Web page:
Review: Your Jesus Is Too Safe
Yesterday I came across this advice from Spurgeon:
Of all I would wish to say this is the sum; my brethren, PREACH CHRIST, always and evermore. He is the whole gospel. His person, offices, and work must be our great, all-comprehending theme. The world needs to be told of its Savior, and of the way to reach him…Blessed is the ministry of which CHRIST IS ALL.
This advice shouldn’t be necessary. What else is there to preach about? To quote Spurgeon again, “No Christ in your sermon, sir? Then go home, and never preach again until you have something worth preaching.”
Sadly, though, we need this advice. That’s why I have appreciated Jared Wilson’s blog The Gospel-Driven Church: it keeps bringing us back to the centrality of the gospel. It’s also why his new book, Your Jesus Is Too Safe, is so important.
In twelve chapters, Jared introduces us to a Jesus who has been lost in many of our churches. Jared uses wit and theological insight to unpack some basic teaching on who Jesus is and what he came to do.
The strengths of this book? Well, I like the subject matter a lot. You can write about a lot of things, and people do, but you can’t write about anything as important as Jesus. Jared does a great job of presenting some core truths about Jesus.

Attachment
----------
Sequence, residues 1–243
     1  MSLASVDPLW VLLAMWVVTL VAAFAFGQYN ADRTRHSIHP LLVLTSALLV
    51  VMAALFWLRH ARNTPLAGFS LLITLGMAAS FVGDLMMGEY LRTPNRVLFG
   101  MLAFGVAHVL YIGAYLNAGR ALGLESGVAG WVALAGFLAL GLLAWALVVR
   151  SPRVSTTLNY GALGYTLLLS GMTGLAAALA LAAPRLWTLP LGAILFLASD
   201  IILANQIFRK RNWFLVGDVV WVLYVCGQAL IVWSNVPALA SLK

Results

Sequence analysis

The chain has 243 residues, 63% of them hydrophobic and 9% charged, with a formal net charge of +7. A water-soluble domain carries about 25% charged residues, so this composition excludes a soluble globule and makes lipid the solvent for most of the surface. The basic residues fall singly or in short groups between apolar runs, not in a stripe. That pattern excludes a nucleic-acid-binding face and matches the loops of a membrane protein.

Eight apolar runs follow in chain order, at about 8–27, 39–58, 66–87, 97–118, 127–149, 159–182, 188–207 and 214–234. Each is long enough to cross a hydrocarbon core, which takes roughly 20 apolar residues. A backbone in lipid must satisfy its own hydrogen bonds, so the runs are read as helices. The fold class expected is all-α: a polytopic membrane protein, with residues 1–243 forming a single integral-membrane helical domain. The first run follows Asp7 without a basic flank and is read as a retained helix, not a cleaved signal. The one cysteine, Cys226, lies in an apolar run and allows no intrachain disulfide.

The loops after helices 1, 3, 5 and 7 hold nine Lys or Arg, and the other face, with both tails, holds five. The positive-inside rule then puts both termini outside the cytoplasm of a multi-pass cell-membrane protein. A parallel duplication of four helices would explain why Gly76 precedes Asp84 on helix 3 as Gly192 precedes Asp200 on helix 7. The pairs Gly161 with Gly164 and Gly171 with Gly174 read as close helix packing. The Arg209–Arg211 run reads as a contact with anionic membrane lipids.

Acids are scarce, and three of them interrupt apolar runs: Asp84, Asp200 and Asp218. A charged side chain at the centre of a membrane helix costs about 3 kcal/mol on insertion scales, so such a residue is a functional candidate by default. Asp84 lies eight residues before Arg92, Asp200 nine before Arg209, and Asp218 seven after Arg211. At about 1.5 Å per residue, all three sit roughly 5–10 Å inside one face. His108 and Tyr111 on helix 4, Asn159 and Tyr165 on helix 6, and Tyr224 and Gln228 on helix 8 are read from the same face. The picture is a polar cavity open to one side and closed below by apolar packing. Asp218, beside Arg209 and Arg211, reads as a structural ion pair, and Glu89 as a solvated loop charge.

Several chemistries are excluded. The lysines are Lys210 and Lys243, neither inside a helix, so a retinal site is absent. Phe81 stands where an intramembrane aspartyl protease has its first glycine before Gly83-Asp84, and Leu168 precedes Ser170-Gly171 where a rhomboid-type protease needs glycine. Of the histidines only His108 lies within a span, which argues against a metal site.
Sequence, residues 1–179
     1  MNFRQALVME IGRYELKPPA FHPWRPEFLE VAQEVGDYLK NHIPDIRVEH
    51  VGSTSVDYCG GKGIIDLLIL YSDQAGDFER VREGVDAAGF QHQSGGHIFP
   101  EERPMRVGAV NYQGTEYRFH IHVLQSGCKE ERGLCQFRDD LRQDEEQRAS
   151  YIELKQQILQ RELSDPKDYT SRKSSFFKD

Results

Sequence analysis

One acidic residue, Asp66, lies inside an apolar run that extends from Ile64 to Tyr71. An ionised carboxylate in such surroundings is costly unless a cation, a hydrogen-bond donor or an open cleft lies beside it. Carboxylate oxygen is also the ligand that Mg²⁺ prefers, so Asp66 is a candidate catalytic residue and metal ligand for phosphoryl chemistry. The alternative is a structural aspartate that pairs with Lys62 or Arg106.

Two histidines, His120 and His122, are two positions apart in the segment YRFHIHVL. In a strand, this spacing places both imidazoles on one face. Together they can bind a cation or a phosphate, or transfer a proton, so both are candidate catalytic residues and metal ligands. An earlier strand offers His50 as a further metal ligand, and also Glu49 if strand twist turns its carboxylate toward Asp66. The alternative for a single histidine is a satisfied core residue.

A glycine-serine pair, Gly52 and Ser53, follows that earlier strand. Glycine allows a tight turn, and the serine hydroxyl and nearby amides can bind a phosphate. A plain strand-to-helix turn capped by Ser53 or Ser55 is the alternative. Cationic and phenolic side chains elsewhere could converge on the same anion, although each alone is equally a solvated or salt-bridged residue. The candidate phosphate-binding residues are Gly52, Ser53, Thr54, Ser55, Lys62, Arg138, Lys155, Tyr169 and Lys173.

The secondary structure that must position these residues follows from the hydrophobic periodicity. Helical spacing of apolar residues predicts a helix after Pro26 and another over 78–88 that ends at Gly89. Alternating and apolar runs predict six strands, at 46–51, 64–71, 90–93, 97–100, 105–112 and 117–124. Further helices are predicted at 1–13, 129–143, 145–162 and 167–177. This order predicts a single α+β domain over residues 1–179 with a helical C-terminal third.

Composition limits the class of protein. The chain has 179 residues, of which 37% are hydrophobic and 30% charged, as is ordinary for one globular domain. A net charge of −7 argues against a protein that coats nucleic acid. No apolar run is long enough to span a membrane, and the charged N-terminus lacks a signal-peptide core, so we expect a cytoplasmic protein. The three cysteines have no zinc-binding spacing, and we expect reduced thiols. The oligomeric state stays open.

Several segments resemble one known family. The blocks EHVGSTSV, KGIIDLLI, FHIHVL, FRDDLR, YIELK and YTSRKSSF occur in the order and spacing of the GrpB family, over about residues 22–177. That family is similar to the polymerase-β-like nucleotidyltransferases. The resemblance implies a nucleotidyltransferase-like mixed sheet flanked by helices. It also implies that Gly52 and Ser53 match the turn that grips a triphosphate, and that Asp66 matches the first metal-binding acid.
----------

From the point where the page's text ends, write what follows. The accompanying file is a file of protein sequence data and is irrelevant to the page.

I also like that this book spends more time changing our thinking than it does giving steps to this or that. I’m convinced that our greatest need is to have our minds and hearts rearranged by what is true about God and the gospel, which will lead to all kinds of practical changes. Sometimes we focus on the changes rather than on having our mind rearranged. Jared gets us right: if we really begin to understand who Jesus is and what he came to do, everything changes.
I also like that Jared can think beyond party lines. He can quote theologians who don’t always belong together. He’s smart in doing this because these theologians have a lot to offer, even if you don’t agree with everything they say. I like a guy who thinks and reads widely.
Finally, I like his humor. Here’s a sample. Jared is talking about when Abraham was about to sacrifice Isaac. At the last minute, Abraham spots a ram, provided by God to take Isaac’s place. Jared writes:
Isaac had probably never been happier to see a ram trapped in all of his life. I bet he kissed that ram on the lips.
Then in a footnote:
Which, for the ram, had to have been the strangest thing ever to happen to him. And as they were slitting his throat a few minutes later, I bet he looked at Isaac and was like, “What the heck?”
I laughed, but not everyone will. If you laughed too, you’ll enjoy this book. If not, you may struggle through parts of this book.
Who is this book for? The ideal audience is someone who’s been exposed to anemic versions of Jesus and needs to meet the Jesus of Scripture. It’s a great book for those who are tired of Christianity lite and are ready for the real thing.
My prayer is that more and more churches in Western evangelicalism will repent of their relegating of the gospel to a place inside the Trojan Horse of attractive programming and performance-driven worship services and self-help sermons, and once again herald it boldly as the only and supreme hope of a dying world.
Amen. We need this message. As Spurgeon said, preach Christ or go home.